Pope Francis I meets refugees on Lesvos

This video says about itself:


Idomeni – 3 April 2016

1. Yazidi rights activist Nadia Murad Basee Taha in a camp for refugees and migrants, hugging a woman
2. Group of activists and camp residents
3. Taha hugging another woman
4. SOUNDBITE (Kurdish) Nadia Murad Basee Taha, Yazidi rights activist:
“My message was not to force the refugees to go to the (new) camps, but after speaking with the (Greek) Prime Minister (Alexis Tsipras) and the (Greek) government, my understanding was that the borders will not open. As you see, the situation here on the border is very difficult. The families are stressed – the children and the women. Life in the (other) camps will be better, and the message for them (the authorities) is not to force them (the migrants) to go there, but since the borders will not open, we think they should go to the camps and then wait for the process to take place.”
5. Taha talking with children
6. SOUNDBITE (Kurdish) Nadia Murad Basee Taha, Yazidi rights activist:
“I hope the world will make a wise decision. When they return people (migrants sent from Greece to Turkey), they have to make sure they will be safe – that they will go to a safe place. They have to be concerned when they are returning people.”
7. Crowd of migrants
8. Elderly women crying
9. Migrants on hunger strike with banners reading (English) “Open the border”.
10. Migrants on hunger strike, sitting on the ground
11. Migrants on hunger strike with tape covering their mouths
12. SOUNDBITE (English) Ahmad Mohammad, 23-year-old Syrian refugee:
“People, the people from Syria, today, no water, no food. Babies, women, today, tomorrow, no water, no food.”
13. Pan right of migrants on hunger strike
14. Man and child with tape covering their mouths
15. Migrants on hunger strike
16. Migrants
17. Campsite with tents and clothes drying on fence
18. Various of woman washing clothes in bowl on ground

A Yazidi rights activist who escaped from the Islamic State group [ISIS] after being captured in 2014 visited the migrant and refugee camp in Idomeni, northern Greece on Sunday.

Nadia Murad Basee Taha asked the migrants to relocate to new camps as she is convinced that European Union borders will remain shut.

Thousands remain stranded in the camp after the border to Macedonia was sealed, closing the western Balkan route towards more prosperous European countries.

While hundreds have boarded buses heading to other, more organized camps that Greek authorities have been frantically setting up across the country, many insist they will not leave.

They still hope against hope – and against all indications – that Europe will relent and reopen the borders.

Prior to Murad’s intervention, dozens of migrants announced that they are going on a hunger strike in an attempt to push Europe to re-open the borders.

Murad was nominated for the Nobel Peace Prize in January by the Iraqi government and has previously spoken to the United Nations about combatting IS [ISIS]- the group that most of the refugees in the camp are fleeing.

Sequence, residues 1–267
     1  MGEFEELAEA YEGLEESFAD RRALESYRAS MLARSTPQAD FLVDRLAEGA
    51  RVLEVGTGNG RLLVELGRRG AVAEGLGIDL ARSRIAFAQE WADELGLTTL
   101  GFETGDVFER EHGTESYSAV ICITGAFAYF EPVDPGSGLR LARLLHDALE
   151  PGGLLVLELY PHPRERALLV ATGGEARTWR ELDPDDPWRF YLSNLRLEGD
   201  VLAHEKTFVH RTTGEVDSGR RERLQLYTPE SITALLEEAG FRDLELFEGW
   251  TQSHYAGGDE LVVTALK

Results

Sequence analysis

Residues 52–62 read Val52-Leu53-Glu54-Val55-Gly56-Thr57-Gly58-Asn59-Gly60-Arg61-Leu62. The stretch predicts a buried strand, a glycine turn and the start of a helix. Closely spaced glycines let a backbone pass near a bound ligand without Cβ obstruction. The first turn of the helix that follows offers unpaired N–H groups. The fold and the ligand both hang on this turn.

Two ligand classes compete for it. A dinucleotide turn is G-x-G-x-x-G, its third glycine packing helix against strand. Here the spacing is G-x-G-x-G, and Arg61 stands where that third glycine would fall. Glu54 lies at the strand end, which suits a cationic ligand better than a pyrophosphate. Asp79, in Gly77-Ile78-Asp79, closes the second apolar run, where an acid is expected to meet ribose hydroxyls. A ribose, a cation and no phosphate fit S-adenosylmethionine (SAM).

Another video which used to be on YouTube used to say about itself:

Greek minister slams conditions at Idomeni refugee camp

18 March 2016

Greek Interior Minister Panagiotis Kouroumplis compared the Idomeni refugee site on the border between Greece and Macedonia to the infamous Dachau concentration camp while on a visit.

“I wouldn’t hesitate to say that this is a modern Dachau,” Kouroumplis said during his visit to the camp where thousands of people live in improvised tents, deprived of basic necessities, on Friday.

Idomeni “is a logical result of closed borders,” he said, adding that Greece “believes in Europe without borders.” Two improvised camps, hosting over 15,000 migrants, sprung up near the Idomeni crossing in late February after the Macedonian authorities closed its borders amid a massive refugee crisis in the EU.

Kouroumplis expressed regret over “the awakening of a kind of nationalism against the persecuted people” in Europe. He acknowledged that accepting 1.5 million migrants in no easy task, but said that the people stuck at Idomeni “didn’t leave their countries by choice, but were forced to flee by wars, in which Europe also participated.”

Translated from NOS TV in the Netherlands:

Tears and drawings as pope meets refugees on Lesvos

Today, 10:07

Edited today, 11:57

Hundreds of selected migrants could greet Pope Francis this morning. He had traveled to Lesvos to see with his own eyes the consequences of the refugee crisis.

Some migrants were in tears when Francis passed. Others called out their countries of origin: Afghanistan, Syria. The pope took drawings received from children and praised a girl for her work. His entourage received the drawing and were told not to fold it because he wanted to have it on his desk.

Dozens of migrants who were not invited tried to to get a glimpse of the visit from behind the fences. This afternoon there will be a lunch with eight migrants who will tell their stories. Then they will lay a wreath into the sea in memory of migrants who have drowned in the Mediterranean Sea in their attempts to reach Lesvos.

Talking to Tsipras